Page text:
In the US, strokes are the fifth-leading cause of death. That’s why, when someone is having a stroke – minutes count.
Because the brain is being starved of the blood and oxygen it needs, prompt treatment reduces the risk of disabilities, brain damage, and even death.
This guide will discuss the signs of a stroke, what should be done when someone’s having a stroke, and how to find the best stroke rehabilitation for an individual’s needs.
What Are the Signs of a Stroke?
Stroke symptoms vary from person to person – but they’ll often come on quickly. As different parts of the body are controlled by different parts of the brain, a person’s symptoms will depend on how much damage has been caused and which part of the brain is affected.
However, some of the key indicators of a stroke will be found using the FAST symptom checker:
- Face: Their face may start drooping on one side, their eye or mouth may have drooped, or they might not be able to smile.
- Arms: They might not be able to lift one or both of their arms because numbness or weakness is preventing them from doing so.
- Speech: Their speech may be unclear or slurred. Or, even though they’re awake, they might not be able to talk.
- Time: If these signs of a stroke are recognizable, 911 should be called immediately, making a note of the symptoms and when they began.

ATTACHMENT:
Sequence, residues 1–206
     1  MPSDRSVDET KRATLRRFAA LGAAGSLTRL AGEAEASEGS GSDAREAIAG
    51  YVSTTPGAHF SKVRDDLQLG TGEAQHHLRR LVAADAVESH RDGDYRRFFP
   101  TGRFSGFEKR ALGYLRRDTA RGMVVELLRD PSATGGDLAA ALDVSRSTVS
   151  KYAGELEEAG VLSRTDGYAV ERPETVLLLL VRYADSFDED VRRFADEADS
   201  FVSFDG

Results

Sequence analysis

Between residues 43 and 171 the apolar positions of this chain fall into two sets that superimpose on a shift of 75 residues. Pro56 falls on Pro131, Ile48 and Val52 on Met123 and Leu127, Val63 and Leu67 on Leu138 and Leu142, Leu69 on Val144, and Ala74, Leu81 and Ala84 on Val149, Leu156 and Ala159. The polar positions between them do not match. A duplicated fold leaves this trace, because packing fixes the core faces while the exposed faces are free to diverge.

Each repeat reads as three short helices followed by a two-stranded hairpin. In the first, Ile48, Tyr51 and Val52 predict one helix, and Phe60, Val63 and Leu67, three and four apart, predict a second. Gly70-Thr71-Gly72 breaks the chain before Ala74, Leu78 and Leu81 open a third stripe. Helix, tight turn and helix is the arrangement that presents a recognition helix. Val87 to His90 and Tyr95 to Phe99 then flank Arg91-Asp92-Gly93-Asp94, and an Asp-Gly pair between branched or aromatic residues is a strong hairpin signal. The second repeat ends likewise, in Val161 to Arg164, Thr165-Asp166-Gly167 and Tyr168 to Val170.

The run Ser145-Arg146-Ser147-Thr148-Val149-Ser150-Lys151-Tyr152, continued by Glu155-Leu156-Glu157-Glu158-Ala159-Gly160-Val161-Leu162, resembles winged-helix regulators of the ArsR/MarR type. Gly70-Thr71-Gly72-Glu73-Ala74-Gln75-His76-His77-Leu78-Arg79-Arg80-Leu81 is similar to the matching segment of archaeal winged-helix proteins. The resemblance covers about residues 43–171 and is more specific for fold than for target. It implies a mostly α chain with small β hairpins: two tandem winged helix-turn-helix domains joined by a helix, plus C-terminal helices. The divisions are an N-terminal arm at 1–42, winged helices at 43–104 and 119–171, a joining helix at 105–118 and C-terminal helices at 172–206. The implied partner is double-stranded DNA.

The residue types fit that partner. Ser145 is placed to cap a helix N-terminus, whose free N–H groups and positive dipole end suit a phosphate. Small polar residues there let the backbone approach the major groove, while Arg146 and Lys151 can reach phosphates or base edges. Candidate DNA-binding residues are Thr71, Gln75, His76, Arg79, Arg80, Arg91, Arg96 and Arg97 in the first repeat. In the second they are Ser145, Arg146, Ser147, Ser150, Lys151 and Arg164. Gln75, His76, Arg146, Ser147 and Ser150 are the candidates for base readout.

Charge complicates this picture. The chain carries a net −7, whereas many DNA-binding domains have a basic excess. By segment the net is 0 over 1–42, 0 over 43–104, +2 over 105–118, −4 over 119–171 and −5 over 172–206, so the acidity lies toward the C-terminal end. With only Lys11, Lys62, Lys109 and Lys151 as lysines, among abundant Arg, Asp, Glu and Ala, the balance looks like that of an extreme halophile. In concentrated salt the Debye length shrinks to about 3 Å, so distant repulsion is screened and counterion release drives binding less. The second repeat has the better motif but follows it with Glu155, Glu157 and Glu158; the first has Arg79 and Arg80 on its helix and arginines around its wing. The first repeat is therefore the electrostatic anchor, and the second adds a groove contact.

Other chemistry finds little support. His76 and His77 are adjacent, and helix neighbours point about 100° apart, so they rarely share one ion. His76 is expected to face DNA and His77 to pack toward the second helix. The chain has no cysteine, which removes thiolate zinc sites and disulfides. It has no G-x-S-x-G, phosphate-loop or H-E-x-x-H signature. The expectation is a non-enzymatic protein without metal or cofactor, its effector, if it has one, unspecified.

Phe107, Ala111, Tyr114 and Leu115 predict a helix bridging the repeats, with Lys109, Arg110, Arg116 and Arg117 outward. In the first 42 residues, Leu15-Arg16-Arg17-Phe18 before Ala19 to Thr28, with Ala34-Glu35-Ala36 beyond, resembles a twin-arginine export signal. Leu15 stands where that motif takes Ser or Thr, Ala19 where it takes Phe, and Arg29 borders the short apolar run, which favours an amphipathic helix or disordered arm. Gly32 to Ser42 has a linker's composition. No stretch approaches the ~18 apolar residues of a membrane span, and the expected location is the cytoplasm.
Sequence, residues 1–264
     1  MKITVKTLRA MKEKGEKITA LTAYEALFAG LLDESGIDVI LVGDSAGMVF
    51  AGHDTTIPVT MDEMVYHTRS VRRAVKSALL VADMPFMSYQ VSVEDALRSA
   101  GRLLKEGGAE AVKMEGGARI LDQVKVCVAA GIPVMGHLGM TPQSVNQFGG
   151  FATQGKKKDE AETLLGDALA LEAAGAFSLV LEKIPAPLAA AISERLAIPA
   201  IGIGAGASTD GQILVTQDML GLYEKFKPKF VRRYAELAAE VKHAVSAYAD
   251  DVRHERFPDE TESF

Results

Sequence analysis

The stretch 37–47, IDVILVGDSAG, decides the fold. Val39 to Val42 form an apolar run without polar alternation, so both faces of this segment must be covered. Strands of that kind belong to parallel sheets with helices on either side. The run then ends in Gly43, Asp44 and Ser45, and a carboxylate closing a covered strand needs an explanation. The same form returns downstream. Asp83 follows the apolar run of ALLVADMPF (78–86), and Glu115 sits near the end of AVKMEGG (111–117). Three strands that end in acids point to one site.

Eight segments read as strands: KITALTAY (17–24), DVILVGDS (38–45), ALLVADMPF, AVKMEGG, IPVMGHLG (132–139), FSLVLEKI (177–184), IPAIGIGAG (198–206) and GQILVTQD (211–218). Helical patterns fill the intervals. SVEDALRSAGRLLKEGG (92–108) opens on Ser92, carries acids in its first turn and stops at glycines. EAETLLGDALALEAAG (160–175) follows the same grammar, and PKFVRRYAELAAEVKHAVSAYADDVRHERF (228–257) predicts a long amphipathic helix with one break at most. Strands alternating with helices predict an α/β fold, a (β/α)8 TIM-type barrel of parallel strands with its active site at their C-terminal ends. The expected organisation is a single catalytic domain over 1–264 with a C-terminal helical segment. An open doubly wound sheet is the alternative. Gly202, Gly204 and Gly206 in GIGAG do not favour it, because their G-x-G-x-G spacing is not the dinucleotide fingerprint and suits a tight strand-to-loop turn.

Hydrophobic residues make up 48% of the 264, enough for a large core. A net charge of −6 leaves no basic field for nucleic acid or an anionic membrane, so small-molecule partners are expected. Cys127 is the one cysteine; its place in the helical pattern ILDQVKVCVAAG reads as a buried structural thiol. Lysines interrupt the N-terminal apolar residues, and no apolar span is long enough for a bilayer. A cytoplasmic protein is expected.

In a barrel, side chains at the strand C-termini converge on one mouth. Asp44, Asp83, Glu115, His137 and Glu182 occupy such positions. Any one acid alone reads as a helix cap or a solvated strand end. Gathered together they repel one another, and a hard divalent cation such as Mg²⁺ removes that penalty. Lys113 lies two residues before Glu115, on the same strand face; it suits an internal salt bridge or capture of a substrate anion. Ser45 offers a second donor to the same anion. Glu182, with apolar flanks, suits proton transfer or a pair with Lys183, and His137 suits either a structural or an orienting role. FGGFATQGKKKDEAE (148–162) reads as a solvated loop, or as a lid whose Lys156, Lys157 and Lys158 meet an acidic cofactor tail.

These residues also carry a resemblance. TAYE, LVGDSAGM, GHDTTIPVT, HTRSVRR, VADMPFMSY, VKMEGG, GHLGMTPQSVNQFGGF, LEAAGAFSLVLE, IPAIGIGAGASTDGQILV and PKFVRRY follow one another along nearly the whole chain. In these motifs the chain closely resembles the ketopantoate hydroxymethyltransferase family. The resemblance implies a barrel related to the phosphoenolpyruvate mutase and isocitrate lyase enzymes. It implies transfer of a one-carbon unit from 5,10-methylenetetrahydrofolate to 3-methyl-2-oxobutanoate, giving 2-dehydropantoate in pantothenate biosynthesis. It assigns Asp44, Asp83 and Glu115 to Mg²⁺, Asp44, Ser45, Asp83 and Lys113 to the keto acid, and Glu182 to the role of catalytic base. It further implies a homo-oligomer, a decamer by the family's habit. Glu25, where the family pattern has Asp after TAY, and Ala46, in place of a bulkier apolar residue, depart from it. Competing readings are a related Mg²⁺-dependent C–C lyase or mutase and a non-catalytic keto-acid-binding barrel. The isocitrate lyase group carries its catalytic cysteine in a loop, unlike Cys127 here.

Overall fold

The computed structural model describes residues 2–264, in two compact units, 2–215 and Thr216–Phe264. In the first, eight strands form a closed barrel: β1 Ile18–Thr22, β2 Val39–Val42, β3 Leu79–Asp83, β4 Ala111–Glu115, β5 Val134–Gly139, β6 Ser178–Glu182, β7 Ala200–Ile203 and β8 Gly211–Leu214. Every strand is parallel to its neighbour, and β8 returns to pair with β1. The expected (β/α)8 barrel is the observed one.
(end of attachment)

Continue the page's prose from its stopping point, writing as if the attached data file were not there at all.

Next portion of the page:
However, sometimes a stroke may come on gradually or may cause different symptoms which can include:
- Blurred or lost vision
- Weakness, numbness, or paralysis to one side of the body
- Trouble speaking
- Severe headaches that start for no reason and cause blinding pain
- Issues with co-ordination or balance
- Dysphagia (difficulty swallowing)
- Loss of consciousness
Again, any of these symptoms should be treated seriously and 911 should be called immediately. It’s also important for people to be aware of all the above symptoms in the case of a transient ischemic attack (TIA), which may also be referred to as a mini-stroke. While the symptoms are often the same as the ones listed above, they may only last a few minutes. Nevertheless, they should be treated with as much seriousness as a full-scale stroke because it increases the chance of a stroke in the future.
What People Should (and Shouldn’t) Do When Someone’s Having a Stroke
When someone’s having a stroke and the ambulance is on its way, there are a few things people should and shouldn’t do to increase the chances of recovery:
- They shouldn’t offer the person medication, drink, or food: Some strokes are caused in the brain by a ruptured blood vessel, which is why aspirin shouldn’t be given to a stroke victim.
And because their ability to swallow may have been affected, food or drink should be avoided altogether.
- They should keep notes of when the stroke happened: Due to how time-sensitive strokes are – it’s crucial notes are kept that indicate when the symptoms first started to occur.
The medication administered for a stroke (tPA) has to be given within 4.5 hours of the onset of the stroke. Any changes in their symptoms should be noted, too.
- They shouldn’t drive to the emergency room: While it’s important to act fast when someone’s had a stroke, no one should drive to the emergency room, even if the person who’s having a stroke isn’t driving.